Private IP tests:
sudo traceroute <private IP of EC2 instance/on-premises host> sudo traceroute -T -p 80 <private IP of EC2 instance/on-premises host>
Public IP tests:
sudo traceroute <public IP of EC2 instance/on-premises host> sudo traceroute -T -p 80 <public IP of EC2 instance/on-premises host>
Note: The arguments -T -p 80 -n perform a TCP-based trace on port 80. Be sure that you have port 80 or the port that you are testing with open in both directions.
The Linux traceroute option to specify a TCP-based trace instead of ICMP is useful because most internet devices deprioritize ICMP-based trace requests. A few timed-out requests are common, so watch for packet loss to the destination or in the last hop of the route. Packet loss that accumulates over several hops can also indicate a problem.
Note: When troubleshooting network connectivity using traceroute, it's helpful to run the command in both directions, from the client to the server and then from the server back to the client.
Use hping3 to determine latency or TCP packet loss problems
hping is a command-line oriented TCP/IP packet assembler/analyzer. In addition to ICMP echo requests, it supports TCP, UDP, and RAW-IP protocols, has a traceroute mode, the ability to send files between a covered channel, and many other features.
If hping3 isn't installed, run the following command on Amazon Linux:
sudo yum --enablerepo=epel install hping3
Then, run the following commands:
hping3 -S -c 50 -V <Public IP of EC2 instance or on-premises host> hping3 -S -c 50 -V <Private IP of EC2 instance or on-premises host>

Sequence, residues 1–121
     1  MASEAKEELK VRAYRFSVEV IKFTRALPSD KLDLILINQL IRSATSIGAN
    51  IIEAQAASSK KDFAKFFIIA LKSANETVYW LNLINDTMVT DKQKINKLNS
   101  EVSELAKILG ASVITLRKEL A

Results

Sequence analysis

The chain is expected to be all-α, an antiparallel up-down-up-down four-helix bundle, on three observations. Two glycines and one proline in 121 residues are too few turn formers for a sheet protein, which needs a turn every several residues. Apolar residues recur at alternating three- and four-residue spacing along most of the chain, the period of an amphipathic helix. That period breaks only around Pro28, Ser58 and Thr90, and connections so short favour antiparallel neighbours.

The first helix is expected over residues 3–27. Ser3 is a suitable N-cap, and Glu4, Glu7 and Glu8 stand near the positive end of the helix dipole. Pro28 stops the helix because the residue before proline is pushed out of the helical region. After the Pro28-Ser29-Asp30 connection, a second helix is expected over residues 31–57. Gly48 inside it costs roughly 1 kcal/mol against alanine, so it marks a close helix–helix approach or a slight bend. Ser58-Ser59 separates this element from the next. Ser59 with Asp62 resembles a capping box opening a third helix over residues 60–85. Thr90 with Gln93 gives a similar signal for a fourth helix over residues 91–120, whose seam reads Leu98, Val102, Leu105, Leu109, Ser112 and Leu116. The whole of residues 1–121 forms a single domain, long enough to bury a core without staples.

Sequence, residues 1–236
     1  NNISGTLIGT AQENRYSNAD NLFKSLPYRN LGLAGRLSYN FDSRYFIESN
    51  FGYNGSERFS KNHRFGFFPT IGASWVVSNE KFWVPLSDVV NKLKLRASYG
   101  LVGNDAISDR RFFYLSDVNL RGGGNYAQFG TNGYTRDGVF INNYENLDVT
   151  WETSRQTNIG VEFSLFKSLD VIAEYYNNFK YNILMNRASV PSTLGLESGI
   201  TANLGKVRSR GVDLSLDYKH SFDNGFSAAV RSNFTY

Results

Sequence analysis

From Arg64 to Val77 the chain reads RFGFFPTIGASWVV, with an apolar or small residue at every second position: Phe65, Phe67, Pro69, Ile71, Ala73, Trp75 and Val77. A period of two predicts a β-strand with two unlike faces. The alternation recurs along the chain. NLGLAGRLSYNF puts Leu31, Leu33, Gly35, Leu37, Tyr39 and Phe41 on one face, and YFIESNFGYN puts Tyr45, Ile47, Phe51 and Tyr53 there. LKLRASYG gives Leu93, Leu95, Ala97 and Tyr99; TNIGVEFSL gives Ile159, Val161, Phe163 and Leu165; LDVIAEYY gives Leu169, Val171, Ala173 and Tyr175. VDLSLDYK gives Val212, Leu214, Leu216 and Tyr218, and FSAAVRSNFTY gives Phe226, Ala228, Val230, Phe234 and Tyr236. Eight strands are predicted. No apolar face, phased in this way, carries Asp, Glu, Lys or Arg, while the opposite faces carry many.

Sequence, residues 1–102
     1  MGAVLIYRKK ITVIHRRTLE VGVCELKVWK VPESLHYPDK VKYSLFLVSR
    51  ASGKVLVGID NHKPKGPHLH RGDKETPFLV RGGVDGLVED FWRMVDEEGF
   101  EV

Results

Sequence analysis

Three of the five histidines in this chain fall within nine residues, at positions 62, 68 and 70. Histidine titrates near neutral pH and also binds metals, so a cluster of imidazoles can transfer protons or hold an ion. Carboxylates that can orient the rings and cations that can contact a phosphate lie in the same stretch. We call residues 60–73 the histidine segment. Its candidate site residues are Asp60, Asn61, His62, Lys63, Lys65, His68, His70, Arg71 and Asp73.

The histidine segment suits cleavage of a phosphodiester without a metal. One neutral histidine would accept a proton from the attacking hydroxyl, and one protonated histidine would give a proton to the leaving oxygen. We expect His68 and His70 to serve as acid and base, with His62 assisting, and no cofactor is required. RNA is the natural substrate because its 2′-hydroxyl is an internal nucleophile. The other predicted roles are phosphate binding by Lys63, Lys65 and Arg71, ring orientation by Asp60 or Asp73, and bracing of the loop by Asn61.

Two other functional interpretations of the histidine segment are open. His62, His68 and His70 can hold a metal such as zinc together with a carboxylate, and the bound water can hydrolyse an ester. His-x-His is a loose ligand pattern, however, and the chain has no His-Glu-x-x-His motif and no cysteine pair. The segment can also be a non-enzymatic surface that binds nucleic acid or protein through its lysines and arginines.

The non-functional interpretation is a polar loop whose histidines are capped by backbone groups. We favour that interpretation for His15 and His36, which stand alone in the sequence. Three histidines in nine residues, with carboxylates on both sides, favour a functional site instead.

Note: By default, hping3 sends TCP headers to the target host's port 0 with a winsize of 64 without any tcp flag on.
Packet capture samples using tcpdump
Performing packet captures on your EC2 instances (present in multiple Availability Zones) and your on-premises host when duplicating the issue helps to determine if there are any application or network layer issues on the VPN connection. Install tcpdump on your instance to perform packet captures.
However, these are also the best steps you can try.
Confirm your routing configurations
Verify the Amazon VPC subnet route table configuration
1. Open the Amazon VPC console. 2. From the navigation pane, choose Route Tables. 3. Select the routing table used by your source Amazon Elastic Compute Cloud (Amazon EC2) instance. 4. Choose the Routes tab. 5. Verify that there is a route with Destination set to the on-premises network. 6. Verify that there is a Target with the value of Transit Gateway ID.
The problem, unfortunately, seems to go much deeper than I feared, there is an issue where traffic originating from the external interface of the firewall cannot it seems make it to the Gateway, although traffic from the inside zone can, I am talking it through with TAC as well as the upstream provider as this did work previously.